View from the windshield. (Michael S. Williamson/The Washington Post)

The road portion of this road trip actually started Friday, when we took a rented car (a Ford Flex more suited to taking high school kids to their prom) and set off for Hardisty, the small town (population 639) in Alberta where the Keystone XL pipeline would actually start.

We drove past seemingly endless prairie and after a couple of hours we came around a bend and saw a field of large oil tanks perched on a small hill.

Though the U.S. permits applications are still pending at the State Department, TransCanada already has its permits in Canada and there is a lot of activity at the site. Cranes were lifting segments of new pipeline and workmen were putting down foundations for pipelines, buildings and pumping stations. It’s the same site where TransCanada’s existing Keystone pipeline begins. (Yes, the existing Keystone and the bigger proposed Keystone XL are different pipelines. It’s a little confusing.  Before the first Keystone opened, TransCanada was mainly in the gas pipeline business, not oil.)

Bryan Templeton, the facilities manager and an electrician by training, gave us a tour (even though when we arrived he was listening to the radio for word on who his much-loved Edmonton Oilers were going to pick in the hockey draft). Raised nearby in Wainwright, Templeton has a low-key style and a deliberate manner. He showed us everything down to the small metal jugs used to collect oil for testing. “Hardisty is a hub for oil that comes from the oil sands from Fort McMurray,” he said. Oil from other parts of northern Alberta and Saskatchewan end up here, too.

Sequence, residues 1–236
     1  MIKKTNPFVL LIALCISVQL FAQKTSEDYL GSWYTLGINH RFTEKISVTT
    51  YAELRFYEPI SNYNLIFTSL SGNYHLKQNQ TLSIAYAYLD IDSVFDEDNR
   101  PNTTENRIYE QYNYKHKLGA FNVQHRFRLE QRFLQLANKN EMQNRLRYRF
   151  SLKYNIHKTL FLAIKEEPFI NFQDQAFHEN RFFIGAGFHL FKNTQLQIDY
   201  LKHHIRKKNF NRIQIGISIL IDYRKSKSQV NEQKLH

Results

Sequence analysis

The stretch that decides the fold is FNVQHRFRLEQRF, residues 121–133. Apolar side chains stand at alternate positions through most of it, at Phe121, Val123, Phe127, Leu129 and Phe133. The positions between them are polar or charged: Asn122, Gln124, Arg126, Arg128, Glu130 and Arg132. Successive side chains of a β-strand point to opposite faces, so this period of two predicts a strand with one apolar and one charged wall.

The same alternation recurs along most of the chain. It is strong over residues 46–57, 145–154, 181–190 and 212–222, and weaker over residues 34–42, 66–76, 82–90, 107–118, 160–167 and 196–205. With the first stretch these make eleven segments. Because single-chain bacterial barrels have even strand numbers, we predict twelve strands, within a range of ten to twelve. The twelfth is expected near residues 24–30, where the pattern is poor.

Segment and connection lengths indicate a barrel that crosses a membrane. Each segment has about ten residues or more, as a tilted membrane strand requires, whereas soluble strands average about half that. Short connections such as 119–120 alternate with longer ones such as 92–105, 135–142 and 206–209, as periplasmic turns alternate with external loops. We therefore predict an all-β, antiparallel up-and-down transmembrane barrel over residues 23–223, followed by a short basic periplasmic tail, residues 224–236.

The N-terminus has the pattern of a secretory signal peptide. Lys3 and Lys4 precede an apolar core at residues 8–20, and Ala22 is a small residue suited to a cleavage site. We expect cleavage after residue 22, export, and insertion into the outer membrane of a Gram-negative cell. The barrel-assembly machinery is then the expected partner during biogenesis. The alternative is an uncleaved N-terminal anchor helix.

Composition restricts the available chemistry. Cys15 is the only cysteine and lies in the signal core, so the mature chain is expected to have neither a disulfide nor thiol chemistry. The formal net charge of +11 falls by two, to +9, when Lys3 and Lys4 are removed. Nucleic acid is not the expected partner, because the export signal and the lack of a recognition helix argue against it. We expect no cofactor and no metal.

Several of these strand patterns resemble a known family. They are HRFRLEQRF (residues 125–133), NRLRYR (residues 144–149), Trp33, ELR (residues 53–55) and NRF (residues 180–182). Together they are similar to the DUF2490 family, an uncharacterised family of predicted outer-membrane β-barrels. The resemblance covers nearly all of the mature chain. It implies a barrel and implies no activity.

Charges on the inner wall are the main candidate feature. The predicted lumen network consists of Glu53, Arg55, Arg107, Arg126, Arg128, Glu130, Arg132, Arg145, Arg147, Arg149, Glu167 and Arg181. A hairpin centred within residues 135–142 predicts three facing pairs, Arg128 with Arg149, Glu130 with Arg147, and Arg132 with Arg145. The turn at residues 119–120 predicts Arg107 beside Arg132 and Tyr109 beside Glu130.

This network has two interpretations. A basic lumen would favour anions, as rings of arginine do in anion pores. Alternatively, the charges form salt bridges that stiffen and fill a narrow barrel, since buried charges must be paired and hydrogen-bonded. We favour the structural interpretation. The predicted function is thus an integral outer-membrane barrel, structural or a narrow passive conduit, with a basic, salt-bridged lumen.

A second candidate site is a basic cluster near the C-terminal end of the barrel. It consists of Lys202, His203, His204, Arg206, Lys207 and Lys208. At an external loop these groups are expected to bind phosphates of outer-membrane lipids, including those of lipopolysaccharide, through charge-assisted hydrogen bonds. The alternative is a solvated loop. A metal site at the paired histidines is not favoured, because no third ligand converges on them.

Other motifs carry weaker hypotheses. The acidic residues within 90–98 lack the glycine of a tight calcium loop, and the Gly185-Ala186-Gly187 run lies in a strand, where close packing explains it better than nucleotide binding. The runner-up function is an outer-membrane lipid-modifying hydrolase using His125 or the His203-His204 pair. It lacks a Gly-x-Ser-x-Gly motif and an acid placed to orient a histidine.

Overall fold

TransCanada isn’t the only pipeline company in Hardisty; there are half a dozen others with facilities. But TransCanada has three big gleaming white tanks for the Keystone line and three more tanks (still dark, reddish brown unfinished and unpainted) are being installed for Keystone XL.

Where the new tanks are situated, TransCanada has constructed a large retaining wall of stones and is laying segments of the 36-inch pipe that will link the tanks and the future main line. Bright orange casing is also going in for fiber-optic cables that will carry information alongside the pipe. Each tank here can hold 350,000 barrels of oil, or more than a million barrels storage capacity for each line. The company has other smaller buildings for testing the viscosity and other qualities of each “batch” of oil (measuring 14,000 cubic meters or about 140,000 cubic feet) before it is sent down the existing Keystone line. New labs are being put together this summer to serve the Keystone XL line.

“As Fort McMurray continues to grow, there will be more pipelines built here or in Edmonton,” Templeton said.

Pressing ahead with preparations before all the permits are in order may seem optimistic. But TransCanada chief executive Russ Girling, in an interview in his Calgary office on Thursday, said “We’re into this thing $2.5 billion” – what  TransCanada has already spent on engineering, siting, land leases, and equipment such as pipes and valves. “I’m spending money on basis that logic will prevail.”